Retrospect: Alabama’s Daniel Pratt and his early cotton gins

Prattville namesake Daniel Pratt made his name in cotton gins.

Interior of Continental Gin Co. in Prattville. Photos courtesy of the Library of Congress.

By the time Daniel Pratt’s portrait appeared in an 1851 magazine, he had already been an Alabama businessman for two decades. His tireless work establishing himself as a leading producer of cotton gins — as well as the town and other businesses he built around that industry — earned him entry into influential journalist James De Bow’s “Gallery of Industry and Enterprise.” The portrait accompanying the article depicted Pratt in his early 50s, at the height of his influence, clean-shaven and serious, with deeply set eyes and hints of graying hair framing his face. In the decades before the Civil War, cotton was king in Alabama. Daniel Pratt helped build the throne. 

Few inventions did more to change the landscape of Alabama than the cotton gin. Created by Eli Whitney, the device used a series of iron pins and rotating brushes inside a cylinder to quickly remove cotton seeds so the fibers could be spun into thread. Two workers using a gin could clean as much cotton as 100 laborers by hand. The machine transformed the global cotton economy. Within a generation, the fleecy white staple accounted for half of American exports. The expansion of the cotton economy fueled the westward flow of American settlement, which in 1817 led to the creation of the Alabama Territory, along with the furtherance of the institution of slavery.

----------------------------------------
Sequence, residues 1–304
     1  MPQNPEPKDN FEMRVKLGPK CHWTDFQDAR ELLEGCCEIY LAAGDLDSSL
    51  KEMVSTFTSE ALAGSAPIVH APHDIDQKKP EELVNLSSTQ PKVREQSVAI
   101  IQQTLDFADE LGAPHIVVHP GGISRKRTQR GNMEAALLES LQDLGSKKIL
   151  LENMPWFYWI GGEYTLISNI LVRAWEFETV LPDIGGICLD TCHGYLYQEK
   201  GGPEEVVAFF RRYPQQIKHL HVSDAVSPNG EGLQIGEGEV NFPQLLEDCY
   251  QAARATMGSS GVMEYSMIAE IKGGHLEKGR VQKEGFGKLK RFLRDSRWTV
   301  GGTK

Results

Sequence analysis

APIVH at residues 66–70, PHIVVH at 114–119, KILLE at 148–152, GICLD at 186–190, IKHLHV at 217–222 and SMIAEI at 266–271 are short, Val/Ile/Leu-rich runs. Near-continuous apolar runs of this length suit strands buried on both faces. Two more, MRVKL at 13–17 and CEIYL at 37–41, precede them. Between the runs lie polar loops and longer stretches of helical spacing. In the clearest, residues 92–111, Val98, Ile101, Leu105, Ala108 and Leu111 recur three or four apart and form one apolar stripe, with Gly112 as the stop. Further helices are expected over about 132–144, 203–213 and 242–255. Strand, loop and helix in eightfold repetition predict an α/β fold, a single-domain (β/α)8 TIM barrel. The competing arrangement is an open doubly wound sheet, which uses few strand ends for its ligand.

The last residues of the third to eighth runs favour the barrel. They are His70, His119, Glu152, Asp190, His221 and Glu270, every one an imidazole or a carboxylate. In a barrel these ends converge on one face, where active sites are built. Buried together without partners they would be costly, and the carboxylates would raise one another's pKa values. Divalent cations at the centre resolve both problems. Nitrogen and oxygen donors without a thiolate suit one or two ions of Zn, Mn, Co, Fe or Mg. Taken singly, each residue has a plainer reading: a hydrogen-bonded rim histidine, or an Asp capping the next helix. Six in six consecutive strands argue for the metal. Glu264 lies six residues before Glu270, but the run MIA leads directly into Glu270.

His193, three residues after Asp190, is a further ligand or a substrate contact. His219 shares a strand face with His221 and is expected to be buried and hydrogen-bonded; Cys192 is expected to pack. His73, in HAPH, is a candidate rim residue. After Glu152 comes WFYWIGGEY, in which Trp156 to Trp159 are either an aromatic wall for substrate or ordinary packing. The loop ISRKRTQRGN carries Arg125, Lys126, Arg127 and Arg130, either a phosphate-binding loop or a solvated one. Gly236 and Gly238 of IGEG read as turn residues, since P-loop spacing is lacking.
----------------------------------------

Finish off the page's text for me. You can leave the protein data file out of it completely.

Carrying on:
New Hampshire’s Daniel Pratt (1799 – 1873) became a gin manufacturer by way of an architectural apprenticeship. In 1819, 20-year-old Pratt sailed for Georgia, where he built homes, and later boats, for the state’s planter class. His ingenuity and drive caught the attention of prominent gin manufacturer Samuel Griswold. In 1831, Griswold hired Pratt to oversee his Georgia factory. Within a year, he made Pratt his partner. The men talked of expanding into neighboring, cotton-rich Alabama. But after initially approving of the endeavor, the older, more cautious Griswold reneged. 

Portrait of Daniel Pratt.

Daniel Pratt came to Alabama anyway, bringing along his wife, two enslaved men and six wagonloads of material to construct 50 cotton gins. From 1833 until 1835, he leased existing gins in and around Wetumpka. There he honed his craft and would eventually create and patent an improvement upon Whitney’s original gin design. All the while, Pratt searched for land. In the spring of 1835, he purchased 1,800 acres along Autauga Creek from Joseph May for $21,000. The transaction netted May a tidy profit. He had purchased the marshland, described as unfit for development, at the U.S. Land Office a decade earlier for less than $2,500. Pratt’s purchase price was divided into four installments, the first two payable in cotton gins. 

Pratt saw in this new acreage what others did not. River access meant water-powered equipment. The large stands of yellow pine were raw materials. The uninhabitable marshland could be drained and cultivated. For four years, Pratt divided his time between managing his leased gin nearby and overseeing the improvements to his land. When his lease expired in 1839, Pratt moved his operation to the new site. More than a mere manufacturing warehouse, it included a blacksmith shop, sawmill and homes for his laborers. Prattville was born.